Have a question regarding DCF and the coronavirus? Email us at: DCF.COVID-19@ct.gov

Press Releases



Lt. Governor, Department of Children and Families Raises Awareness About Safe Havens Act for Newborns

52 Newborns have been placed for adoption since 2001

(Hartford) Lt. Governor Susan Bysiewicz, Department of Children and Families Commissioner Vannessa Dorantes and other top officials today recognize Child Abuse Prevention Month by raising awareness about how infants can be protected through Connecticut's Safe Havens Act for Newborns. The law allows a parent, who does not believe they can care for their newborn, to voluntarily give up custody of an infant age 30 days or younger to the staff of an emergency room and remain anonymous. DCF will then place the baby in a pre-approved adoptive home.

“Parents who deliver a baby and find that they cannot or do not want to raise their baby may feel like they have nowhere to turn—but this program gives them an option—a safe haven. This law prevents newborns from being out in danger and instead places them in loving homes," stated Lieutenant Governor Susan Bysiewicz.

"We want to reduce the stigma by letting parents who may be struggling know that asking for help is a strength. This law gives them a responsible alternative, so their newborn remains safe and unharmed. Simply put, Safe Havens saves lives. Not to mention the joy and fulfillment it brings to adoptive parents when a newborn is placed in their care," said Commissioner Dorantes. 

Since the law was passed in 2001, a total of 52 babies have been brought to hospitals around Connecticut with the most being 6 at one particular location which is St. Francis in Hartford.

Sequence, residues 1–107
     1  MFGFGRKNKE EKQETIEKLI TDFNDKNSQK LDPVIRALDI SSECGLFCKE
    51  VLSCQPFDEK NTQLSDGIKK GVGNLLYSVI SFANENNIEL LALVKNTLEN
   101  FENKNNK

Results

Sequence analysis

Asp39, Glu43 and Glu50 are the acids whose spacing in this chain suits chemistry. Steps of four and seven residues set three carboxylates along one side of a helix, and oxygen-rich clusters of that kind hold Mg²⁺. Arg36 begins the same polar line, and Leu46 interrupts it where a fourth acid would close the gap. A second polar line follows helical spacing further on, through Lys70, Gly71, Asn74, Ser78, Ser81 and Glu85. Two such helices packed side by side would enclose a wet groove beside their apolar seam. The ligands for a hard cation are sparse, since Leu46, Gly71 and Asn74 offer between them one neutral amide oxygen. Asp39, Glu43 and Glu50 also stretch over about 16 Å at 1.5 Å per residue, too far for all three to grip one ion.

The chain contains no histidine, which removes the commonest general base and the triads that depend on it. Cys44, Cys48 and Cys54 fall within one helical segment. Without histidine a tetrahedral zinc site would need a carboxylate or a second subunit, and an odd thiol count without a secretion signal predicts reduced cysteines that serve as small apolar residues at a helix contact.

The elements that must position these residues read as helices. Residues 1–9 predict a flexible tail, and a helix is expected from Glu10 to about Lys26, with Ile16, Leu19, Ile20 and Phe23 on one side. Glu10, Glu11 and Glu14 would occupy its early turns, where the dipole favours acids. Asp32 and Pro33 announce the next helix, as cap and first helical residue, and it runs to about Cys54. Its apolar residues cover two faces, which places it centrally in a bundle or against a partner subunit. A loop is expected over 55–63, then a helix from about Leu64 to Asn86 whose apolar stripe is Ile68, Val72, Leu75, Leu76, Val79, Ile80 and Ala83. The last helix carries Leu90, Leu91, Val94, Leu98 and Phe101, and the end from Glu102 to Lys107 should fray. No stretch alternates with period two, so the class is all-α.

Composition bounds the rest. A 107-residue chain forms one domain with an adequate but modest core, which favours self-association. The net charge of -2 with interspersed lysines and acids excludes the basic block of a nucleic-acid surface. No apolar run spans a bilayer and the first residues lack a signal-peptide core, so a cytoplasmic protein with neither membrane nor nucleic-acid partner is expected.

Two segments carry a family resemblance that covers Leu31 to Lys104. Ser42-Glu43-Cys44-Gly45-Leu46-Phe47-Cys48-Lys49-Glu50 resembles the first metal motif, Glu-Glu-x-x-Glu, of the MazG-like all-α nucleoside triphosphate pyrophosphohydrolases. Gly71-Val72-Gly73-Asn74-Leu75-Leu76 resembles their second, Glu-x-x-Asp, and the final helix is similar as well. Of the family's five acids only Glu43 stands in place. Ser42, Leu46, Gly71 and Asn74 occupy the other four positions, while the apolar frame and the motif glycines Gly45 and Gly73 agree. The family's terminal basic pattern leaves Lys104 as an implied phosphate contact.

Adoptive parents of "Adam" said, "When we were chosen to be Adam's adoptive parents, our hearts filled with joy and excitement. As lucky parents of a Safe Havens baby, we want to tell you that you don't have to be ashamed or scared of using the Safe Havens Law. This law will protect your baby, and he or she will be loved, safe and well cared for."

The law states that parents who do not harm their newborn cannot be criminally charged with abandonment if they bring their baby to a safe place. A nurse will meet the parent in a private area and ask them to provide information about their child's medical history. The nurse will also ask questions such as name and address but since the program's effectiveness depends on anonymity,  parents do not have answer any questions. Parents will receive information about their rights and how to contact DCF if they have questions or change their mind.

To learn more about Connecticut's Safe Havens Act for Newborns, please click here.